and analyzing the data.

Day-to-day supervisor for this project: Ruthe Foushee, Ph.D. candidate

Qualifications: SEVEN REQUIRED SKILLS: 1) A strong computational background. 2) Extensive programming skills in Python. 3) Experience with natural language processing and/or machine learning. 4) A strong interest in language and cognition. 5) Strong attention to detail. 6) A native understanding of English and familiarity with syntax and grammatical morphology (e.g., verb tense). 7) Comfort with Github and strong code commenting. TWO SEMESTERS REQUIRED: Because we try to engage student researchers in a comprehensive research experience, training often takes up the better part of the semester. For this reason, we are interested in hiring students who are able to commit to more than one semester. In your application, please also specify whether you are able to continue working this fall and/or the following spring or summer. ADDITIONAL PREFERRED SKILLS (NOT REQUIRED): 1) A Linguistics background. 2) Experience with corpus analysis. 3) Experience with MySQL (which the student will otherwise be expected to learn in the course of this research).

Weekly Hours: 9-12 hrs

Related website: http://lcdlab.berkeley.edu/

Closed (4) What counts as math? Math Cognition and Learning

Applications for Spring 2018 are now closed for this project.

This project explores children's and adults' conceptions of the field of mathematics via interviews, in-person "games," and online experiments. We're interested in creative ways to capture how individuals think about math, and influences on those ideas.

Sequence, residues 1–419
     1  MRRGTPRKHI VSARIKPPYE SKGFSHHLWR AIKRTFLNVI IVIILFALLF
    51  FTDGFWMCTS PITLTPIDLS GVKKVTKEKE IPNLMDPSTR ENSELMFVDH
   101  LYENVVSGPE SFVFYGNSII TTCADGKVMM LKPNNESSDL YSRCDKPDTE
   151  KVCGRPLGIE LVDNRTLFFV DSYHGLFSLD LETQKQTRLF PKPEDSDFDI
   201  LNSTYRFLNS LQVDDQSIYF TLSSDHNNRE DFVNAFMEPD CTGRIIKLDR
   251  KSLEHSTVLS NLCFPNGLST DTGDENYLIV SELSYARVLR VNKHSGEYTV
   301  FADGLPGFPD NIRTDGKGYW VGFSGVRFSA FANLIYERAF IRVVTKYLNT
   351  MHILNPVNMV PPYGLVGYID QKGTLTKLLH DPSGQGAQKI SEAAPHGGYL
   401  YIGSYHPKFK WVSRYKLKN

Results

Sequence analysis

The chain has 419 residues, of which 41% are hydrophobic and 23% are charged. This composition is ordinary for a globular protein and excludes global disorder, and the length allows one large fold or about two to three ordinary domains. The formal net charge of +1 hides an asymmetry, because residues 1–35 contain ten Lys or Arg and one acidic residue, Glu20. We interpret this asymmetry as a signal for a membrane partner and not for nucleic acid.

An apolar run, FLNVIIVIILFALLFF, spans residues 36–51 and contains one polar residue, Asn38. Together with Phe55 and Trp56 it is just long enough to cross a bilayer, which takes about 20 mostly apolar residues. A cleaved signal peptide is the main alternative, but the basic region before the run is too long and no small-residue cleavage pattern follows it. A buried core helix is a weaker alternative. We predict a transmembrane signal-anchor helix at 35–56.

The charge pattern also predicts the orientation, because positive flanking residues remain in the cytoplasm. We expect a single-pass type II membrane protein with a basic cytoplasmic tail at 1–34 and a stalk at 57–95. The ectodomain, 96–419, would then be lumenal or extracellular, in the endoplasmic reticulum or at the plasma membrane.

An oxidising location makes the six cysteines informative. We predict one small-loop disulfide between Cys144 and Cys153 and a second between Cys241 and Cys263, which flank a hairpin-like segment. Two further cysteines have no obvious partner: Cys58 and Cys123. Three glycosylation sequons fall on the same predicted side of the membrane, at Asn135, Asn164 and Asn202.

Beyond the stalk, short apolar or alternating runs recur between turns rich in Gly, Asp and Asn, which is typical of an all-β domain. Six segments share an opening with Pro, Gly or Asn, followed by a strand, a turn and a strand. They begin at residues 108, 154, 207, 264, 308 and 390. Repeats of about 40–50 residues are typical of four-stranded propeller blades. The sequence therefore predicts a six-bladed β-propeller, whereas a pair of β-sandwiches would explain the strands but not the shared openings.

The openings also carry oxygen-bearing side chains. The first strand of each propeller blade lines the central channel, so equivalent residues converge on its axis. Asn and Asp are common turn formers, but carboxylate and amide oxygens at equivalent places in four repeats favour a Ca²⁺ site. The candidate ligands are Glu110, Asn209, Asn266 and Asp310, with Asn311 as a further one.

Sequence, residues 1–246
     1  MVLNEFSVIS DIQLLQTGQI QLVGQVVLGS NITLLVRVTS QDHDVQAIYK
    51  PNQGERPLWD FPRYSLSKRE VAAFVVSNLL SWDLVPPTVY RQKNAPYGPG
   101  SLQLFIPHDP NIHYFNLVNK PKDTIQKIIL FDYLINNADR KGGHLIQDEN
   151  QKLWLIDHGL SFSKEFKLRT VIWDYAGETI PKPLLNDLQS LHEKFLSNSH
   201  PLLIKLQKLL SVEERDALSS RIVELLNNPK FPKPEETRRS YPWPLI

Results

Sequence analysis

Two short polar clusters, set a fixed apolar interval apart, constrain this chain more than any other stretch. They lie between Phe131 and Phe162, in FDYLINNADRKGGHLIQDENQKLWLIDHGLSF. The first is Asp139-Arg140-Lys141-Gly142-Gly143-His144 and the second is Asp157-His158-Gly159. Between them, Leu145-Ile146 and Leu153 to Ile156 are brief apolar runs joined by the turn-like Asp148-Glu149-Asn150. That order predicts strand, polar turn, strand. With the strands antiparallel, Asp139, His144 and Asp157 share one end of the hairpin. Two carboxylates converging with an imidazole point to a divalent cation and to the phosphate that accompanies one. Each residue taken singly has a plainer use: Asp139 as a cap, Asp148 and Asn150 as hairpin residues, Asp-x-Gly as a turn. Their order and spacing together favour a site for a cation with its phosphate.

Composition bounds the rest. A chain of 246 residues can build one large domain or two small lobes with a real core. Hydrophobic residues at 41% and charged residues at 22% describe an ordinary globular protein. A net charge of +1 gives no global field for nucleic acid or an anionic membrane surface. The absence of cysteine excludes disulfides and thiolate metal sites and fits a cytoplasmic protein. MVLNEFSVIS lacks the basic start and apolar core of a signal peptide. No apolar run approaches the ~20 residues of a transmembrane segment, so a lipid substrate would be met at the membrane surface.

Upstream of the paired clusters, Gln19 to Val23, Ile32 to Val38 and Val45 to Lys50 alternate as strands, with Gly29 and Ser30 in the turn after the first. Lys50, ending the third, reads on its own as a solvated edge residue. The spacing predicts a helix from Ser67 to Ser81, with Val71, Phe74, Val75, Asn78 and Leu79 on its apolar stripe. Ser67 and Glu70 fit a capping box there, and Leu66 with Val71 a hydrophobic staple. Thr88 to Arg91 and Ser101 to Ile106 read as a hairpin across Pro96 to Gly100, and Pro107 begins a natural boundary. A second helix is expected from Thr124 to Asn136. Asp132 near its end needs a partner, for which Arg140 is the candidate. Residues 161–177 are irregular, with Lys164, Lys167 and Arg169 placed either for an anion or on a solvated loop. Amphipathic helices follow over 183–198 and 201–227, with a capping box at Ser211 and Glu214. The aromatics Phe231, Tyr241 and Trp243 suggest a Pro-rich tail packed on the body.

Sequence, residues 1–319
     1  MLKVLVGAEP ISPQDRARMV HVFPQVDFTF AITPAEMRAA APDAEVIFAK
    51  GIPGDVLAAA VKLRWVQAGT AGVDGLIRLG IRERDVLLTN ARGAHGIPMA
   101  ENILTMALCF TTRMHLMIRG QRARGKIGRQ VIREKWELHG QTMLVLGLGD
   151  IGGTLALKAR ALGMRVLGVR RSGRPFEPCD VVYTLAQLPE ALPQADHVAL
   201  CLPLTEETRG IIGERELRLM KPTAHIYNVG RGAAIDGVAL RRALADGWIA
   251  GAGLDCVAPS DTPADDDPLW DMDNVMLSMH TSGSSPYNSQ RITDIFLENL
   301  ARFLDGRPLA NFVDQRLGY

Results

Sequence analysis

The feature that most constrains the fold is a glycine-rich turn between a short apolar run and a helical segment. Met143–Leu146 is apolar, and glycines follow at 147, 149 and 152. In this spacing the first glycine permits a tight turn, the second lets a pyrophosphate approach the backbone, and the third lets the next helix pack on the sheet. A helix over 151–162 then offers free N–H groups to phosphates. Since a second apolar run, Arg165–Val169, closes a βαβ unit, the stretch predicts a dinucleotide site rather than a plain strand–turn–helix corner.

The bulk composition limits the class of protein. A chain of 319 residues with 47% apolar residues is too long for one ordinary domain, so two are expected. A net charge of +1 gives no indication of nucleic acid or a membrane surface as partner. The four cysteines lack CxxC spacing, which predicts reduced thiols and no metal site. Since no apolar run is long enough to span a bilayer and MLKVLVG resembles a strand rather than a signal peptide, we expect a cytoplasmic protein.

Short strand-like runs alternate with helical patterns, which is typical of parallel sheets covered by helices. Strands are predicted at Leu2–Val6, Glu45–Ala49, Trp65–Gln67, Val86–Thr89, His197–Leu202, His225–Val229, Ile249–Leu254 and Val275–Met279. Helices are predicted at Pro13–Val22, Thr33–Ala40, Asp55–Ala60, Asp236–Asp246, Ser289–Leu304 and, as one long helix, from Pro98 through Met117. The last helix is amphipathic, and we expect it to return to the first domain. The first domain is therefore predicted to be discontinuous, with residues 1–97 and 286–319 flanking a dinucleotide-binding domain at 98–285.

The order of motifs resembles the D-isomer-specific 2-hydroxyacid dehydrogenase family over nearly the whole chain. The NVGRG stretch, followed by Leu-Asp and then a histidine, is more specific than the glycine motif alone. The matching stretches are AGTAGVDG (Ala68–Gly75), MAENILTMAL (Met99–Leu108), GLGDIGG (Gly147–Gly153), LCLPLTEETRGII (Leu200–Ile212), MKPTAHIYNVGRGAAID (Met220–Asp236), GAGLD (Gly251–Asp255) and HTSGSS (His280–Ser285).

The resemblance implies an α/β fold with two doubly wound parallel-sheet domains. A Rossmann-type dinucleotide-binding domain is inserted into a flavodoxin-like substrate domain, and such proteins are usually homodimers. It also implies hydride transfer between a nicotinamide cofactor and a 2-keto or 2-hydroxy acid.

For this project, applicants should be either already proficient or interested in the design of semi-automated online experiments using Qualtrics and Amazon's Mechanical Turk.
Our student researchers will work closely with two graduate students, one in Developmental Psychology, and one in Cognition, with a focus on Math Learning, and will be involved in all facets of the research
process, including reading relevant theoretical and empirical papers, constructing online experiments, piloting and administering in-person experiments, coming up with data analysis plans, and conducting analyses on the final data.


Day-to-day supervisor for this project: Ruthe Foushee and Rachel Jansen, Ph.D. candidate

Qualifications: FIVE REQUIRED SKILLS: 1) A strong computational background. 2) Extensive programming skills in Python or R (preferably using jupyter notebooks). 3) Experience with statistics and/or machine learning. 4) A strong interest in cognitive science or math. 5) Strong attention to detail. TWO SEMESTERS REQUIRED: Because we try to engage student researchers in a comprehensive research experience, training often takes up the better part of the semester. For this reason, we are interested in hiring students who are able to commit to more than one semester. In your application, please also specify whether you are able to continue working this fall and/or the following spring or summer. ADDITIONAL PREFERRED EXPERIENCE (NOT REQUIRED): 1) Experience with children. 2) Having taken "Computational Models of Cognition". 3) Experience with Adobe InDesign, LaTeX, and data visualization.

Weekly Hours: 9-12 hrs